aptly 0.7 - S3 publishing, complex queries

aptly 0.7 has been released today. aptly is a Debian repository management tool, it allows to mirror remote repositories, create local package repositories, manage repositories snapshots and publish them back as Debian repository. aptly main idea is “owning your own repository”: you can mix and match official repos, 3rd-party repositories, your own packages, creating your own stable/testing/whatever repositories, allowing reproducible package installations along with controlled upgrades. It is available for download as binary executables or from Debian repository:

deb http://repo.aptly.info/ squeeze main

When installing from repository, don’t forget to import key used to sign the release:

$ gpg --keyserver keys.gnupg.net --recv-keys 2A194991
$ gpg -a --export 2A194991 | sudo apt-key add -

Aptly has new logo, soon I’m going to launch new website:

aptly logo

Most important new features are:

Publishing to Amazon S3

aptly can publish repositories directly to Amazon S3.

First, create new S3 bucket using AWS console. Let it be aptly-repo. Remember Amazon region you have used to create, I’ll be using us-west-1 in this example. If you’re going to have public repository, enable website hosting for that bucket.

Go to IAM page, create new user, save access key ID and secret access key and create bash script `aws.creds.sh`:

# Access Key ID:
# Secret Access Key:
# E7aujXChaMZwp3ghfk45+Zabd55


In IAM console, attach new custom policy for that user:

  "Version": "2012-10-17",
  "Statement": [
      "Sid": "Stmt1405592139000",
      "Effect": "Allow",
      "Action": [
      "Resource": [
        "arn:aws:s3:::aptly-repo/*", "arn:aws:s3:::aptly-repo"

This user would have limited access only to the bucket you’ve created.

Now, configure aptly, edit configuration file ~/.aptly.conf and add key S3PublishEndpoints:

"S3PublishEndpoints": {
  "aptly-repo": {
    "region": "us-west-1",
    "bucket": "aptly-repo",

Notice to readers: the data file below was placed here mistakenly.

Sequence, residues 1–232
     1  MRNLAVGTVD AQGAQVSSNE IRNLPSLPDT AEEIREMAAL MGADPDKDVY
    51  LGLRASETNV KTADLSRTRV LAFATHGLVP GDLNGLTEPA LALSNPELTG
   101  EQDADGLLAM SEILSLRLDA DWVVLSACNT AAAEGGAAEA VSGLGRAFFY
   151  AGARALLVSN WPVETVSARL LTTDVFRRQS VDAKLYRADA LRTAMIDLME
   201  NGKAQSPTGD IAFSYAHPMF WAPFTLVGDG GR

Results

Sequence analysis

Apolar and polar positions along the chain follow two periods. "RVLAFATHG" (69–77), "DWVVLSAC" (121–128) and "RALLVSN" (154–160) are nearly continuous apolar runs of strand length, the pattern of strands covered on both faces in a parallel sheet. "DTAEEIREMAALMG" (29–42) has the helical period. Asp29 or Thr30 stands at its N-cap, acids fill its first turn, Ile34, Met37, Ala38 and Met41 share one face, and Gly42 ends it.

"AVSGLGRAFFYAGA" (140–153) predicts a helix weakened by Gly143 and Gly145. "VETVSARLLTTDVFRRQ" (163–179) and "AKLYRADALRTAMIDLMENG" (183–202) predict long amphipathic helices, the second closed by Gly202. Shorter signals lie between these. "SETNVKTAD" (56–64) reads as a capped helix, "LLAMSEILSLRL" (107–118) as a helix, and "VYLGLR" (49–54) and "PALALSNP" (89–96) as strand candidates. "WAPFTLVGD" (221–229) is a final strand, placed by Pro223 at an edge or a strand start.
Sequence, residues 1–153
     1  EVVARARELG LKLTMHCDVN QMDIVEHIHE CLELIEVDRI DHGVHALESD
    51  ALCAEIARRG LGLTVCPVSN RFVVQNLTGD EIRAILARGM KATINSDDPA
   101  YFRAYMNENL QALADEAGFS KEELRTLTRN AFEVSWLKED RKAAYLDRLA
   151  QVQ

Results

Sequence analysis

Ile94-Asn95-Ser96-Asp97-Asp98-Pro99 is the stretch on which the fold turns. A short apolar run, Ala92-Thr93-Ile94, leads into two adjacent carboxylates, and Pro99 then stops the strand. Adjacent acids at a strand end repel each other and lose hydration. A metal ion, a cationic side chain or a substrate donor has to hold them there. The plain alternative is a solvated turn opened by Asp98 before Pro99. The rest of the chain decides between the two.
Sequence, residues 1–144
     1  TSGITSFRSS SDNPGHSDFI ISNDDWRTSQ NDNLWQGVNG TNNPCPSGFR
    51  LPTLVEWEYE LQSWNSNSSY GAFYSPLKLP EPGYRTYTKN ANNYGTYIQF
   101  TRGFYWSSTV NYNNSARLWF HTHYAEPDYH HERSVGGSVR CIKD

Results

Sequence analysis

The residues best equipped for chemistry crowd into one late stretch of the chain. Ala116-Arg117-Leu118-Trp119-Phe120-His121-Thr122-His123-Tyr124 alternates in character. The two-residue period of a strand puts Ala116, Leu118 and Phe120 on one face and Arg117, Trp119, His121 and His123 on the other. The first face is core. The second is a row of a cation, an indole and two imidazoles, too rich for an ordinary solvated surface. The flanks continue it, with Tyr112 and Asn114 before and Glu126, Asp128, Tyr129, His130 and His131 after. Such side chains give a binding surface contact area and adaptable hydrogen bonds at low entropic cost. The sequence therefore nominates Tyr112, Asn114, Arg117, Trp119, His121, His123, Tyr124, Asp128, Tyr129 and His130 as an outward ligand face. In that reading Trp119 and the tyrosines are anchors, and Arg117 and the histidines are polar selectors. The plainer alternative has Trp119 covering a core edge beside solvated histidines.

"acl": "public-read"

If you’re going to have public repository, set acl to public-read, otherwise set acl to private. Now you’re ready to do your first publish. For example, to publish snapshot my-snapshot to the mentioned bucket, run:

aptly publish snapshot my-snapshot s3:aptly-repo:

As with publishes to local filesystem, you can publish under prefix:

aptly publish snapshot my-snapshot s3:aptly-repo:debian/

All regular publish commands are supported: you can switch between snapshots (atomically), update published local repositories, drop published repos, etc. aptly would do its best to upload package files only once to package pool in S3.

In order to use published repository, for public repositories use regular HTTP protocol in /etc/apt/sources.list:

deb http://s3-us-west-1.amazonaws.com/aptly-repo wheezy main

For private repositories you would need special apt s3 transport, after installing transport you can use it like that:

deb s3://AWS_ACCESS_ID:[AWS_SECRET_KEY_IN_BRACKETS]@s3-us-west-1.amazonaws.com/aptly-repo wheezy main

Package Queries

Before 0.7, aptly supported only Debian dependency-like package queries. In version 0.7, complex queries were introduced. Query syntax matches reprepro query language, reference could be found in the docs. I’ll give some examples.

Now you can filter mirrors to include only packages with limited priorities:

aptly mirror create -filter="Priority (required)" wheezy-required http://mirror.yandex.ru/debian/ wheezy main

Or download single packages and all its dependencies:

aptly mirror create -filter="nginx" -filter-with-deps wheezy-required http://mirror.yandex.ru/debian/ wheezy main

Pull packages with complex conditions:

aptly snapshot pull snapshot1 source snapshot2 '!Name (% *-dev), $Version (>= 3.5)'

Or remove packages based on query:

aptly repo remove local-repo 'Name (% http-*) | $Source (webserver)'

In the next version, package queries would be used to filter snapshots, search for packages in repos/snapshots and local repos, and do whole “world” package searching.

Other Features

aptly can now pull all matching packages with aptly snapshot pull command using flag -all-matches, e.g. one can pull subset of versions from 0.7 to 0.9:

aptly snapshot pull stable1 foo-snapsot stable2 'foo (>= 0.7), foo (<= 0.9)'

Download speed could be limited while mirroring using config option downloadSpeedLimit, so that aptly won’t consume all bandwidth.

All Changes

Full ist of changes since 0.7: